I took a break from my Gujarat posts and visited Prince of Wales Museum two weeks back.
This is my second visit to Prince of Wales museum, since I was not able to do justice to the museum in my first visit in 2012. As a Bombayite, I could afford to visit Prince of Wales museum twice. But some of the readers of this post may/would not like to be in this position. Hence, I am compiling data in this post that will not only lure you to visit this museum, but also (hopefully) give you sufficient information so that you make the most of your visit.
Prince of Wales Museum Background
Prince of Wales Museum was build by eminent citizens of Mumbai in the 1900s to commemorate the visit of the Prince of Wales. Much later, it was renamed Chhatrapati Shivaji Maharaj Vastu Sangrahalaya. It has been awarded ‘Grade I’ Heritage site by Government of India. Museum architecture is built in an Indo-Saracenic style favored during Victorian era of British history. It houses over 50,000 articles of Art, Ancient Civilization and Natural History.
Prince of Wales museum is centrally located in South Mumbai. Museum is a neighbour of Jehangir Art Gallery, and when both visits are combined it makes for an art lovers haven.
George Wittet designed this beautiful indo-sarcenic structure. He is the same gentleman who designed the Gateway of India. Most of the art and artifacts housed here are personal collections of famous Indian industrialists Sir Ratan Dadabhoy Tata and Sir Dorabji Tata.
They have an audio guide facility at Prince of Wales museum that is optional for locals and included in an international visitor pass. The audio guide is a self handled user friendly device and extremely informative. In my second visit, I availed the audio guide facility. Comparing both visits, I very strongly recommend every visitor to avail their audio guide facility while navigating through the museum. Without an audio guide, viewing these pieces of art will get very boring and monotonous. You might probably skim through the area or give up viewing the sculptures and artifacts as a whole in the absence of sufficient information.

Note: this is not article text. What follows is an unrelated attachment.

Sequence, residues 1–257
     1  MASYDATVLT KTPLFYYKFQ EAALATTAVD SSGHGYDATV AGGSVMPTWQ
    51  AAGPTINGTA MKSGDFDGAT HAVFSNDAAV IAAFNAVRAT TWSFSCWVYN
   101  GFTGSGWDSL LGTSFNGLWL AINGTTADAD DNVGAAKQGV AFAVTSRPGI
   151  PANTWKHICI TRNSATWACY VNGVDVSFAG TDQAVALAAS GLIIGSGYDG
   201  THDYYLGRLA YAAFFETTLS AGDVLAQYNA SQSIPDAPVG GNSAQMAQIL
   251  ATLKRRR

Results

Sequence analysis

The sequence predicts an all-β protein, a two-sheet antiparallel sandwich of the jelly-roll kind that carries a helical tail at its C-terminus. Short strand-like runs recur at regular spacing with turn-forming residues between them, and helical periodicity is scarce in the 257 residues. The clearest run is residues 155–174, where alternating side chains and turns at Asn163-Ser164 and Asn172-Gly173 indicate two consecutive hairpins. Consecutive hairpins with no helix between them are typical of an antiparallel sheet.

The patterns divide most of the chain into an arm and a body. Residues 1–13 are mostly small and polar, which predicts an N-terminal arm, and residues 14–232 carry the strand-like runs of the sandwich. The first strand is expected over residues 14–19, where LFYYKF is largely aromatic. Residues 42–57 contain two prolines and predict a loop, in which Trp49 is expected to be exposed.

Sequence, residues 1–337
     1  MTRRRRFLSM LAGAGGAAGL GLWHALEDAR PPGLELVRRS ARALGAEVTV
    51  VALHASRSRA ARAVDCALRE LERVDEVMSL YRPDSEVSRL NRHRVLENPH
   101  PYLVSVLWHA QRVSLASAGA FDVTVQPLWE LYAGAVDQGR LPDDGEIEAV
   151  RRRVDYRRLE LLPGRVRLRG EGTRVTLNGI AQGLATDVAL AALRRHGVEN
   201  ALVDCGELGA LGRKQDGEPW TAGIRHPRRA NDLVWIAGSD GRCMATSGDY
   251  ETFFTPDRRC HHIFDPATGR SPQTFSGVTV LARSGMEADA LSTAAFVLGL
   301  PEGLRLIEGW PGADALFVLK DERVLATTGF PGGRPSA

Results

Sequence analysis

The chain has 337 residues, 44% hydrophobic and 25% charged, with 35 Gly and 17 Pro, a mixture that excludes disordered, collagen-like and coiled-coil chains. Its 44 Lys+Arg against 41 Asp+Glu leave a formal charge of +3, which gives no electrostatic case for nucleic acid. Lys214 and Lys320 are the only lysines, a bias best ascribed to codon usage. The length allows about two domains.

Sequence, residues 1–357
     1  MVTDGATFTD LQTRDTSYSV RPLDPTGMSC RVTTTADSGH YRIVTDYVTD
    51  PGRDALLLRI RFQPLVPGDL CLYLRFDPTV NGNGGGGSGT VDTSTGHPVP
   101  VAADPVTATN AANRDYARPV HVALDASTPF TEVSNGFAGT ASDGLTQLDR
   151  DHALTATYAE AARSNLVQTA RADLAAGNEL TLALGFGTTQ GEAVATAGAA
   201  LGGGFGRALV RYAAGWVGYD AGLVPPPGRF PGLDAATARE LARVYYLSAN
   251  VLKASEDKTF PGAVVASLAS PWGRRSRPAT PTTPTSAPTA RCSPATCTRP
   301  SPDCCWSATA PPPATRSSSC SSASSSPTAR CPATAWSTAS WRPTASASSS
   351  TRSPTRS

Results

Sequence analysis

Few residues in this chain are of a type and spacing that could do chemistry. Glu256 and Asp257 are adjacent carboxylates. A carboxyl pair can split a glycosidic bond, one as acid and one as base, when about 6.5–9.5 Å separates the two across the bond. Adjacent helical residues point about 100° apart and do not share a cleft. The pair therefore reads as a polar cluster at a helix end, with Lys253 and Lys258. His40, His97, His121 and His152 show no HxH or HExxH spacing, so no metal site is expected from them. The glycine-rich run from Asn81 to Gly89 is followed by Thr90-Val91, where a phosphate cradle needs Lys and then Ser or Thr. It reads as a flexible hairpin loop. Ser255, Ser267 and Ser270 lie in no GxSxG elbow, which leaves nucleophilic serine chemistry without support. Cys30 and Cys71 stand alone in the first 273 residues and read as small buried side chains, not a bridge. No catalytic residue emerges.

inside Natural History museum
Most recommended sections inside the museum are Sculpture Gallery, Indus Valley Civilization, Coin museum and Natural History museum. Sir Ratan Tata gallery and Sir Dorabji Tata gallery look spectacular and is very international in its set up.
In my first visit, I was a bit disappointed with their cafeteria since it was a small area where visitors ordered at the counter and helped themselves with the service. Two years since my last visit, there has been a vast improvement in the cafeteria. Ambience is much more relaxing and inviting to visitors with spacious seating arrangement.
In both visits, I noticed many art students seated in little corners of the museum. They were patiently sketching sculptures which may probably be their college assignments. Their ability to replicate on canvas is so skillful that they themselves manage to gather a lot of curious crowd.
Close proximity of Prince of Wales museum to train stations – Churchgate and CST make it very accessible. Details of how to reach, entry tickets, photography charges and audio guide facility are well explained on their official website. In fact, their online website is very elaborate, informative and functional (a rare feat for Indian government websites).
In a nutshell, visiting the Prince of Wales museum is recommended.
For a long time now, Prince of Wales museum has been on the Mumbai Darshan / Tour itinerary. This re-iterates the fact that the museum is a prized possession of Mumbai city.
Here are some more images from the Prince of Wales museum
Inside Prince of Wales museum
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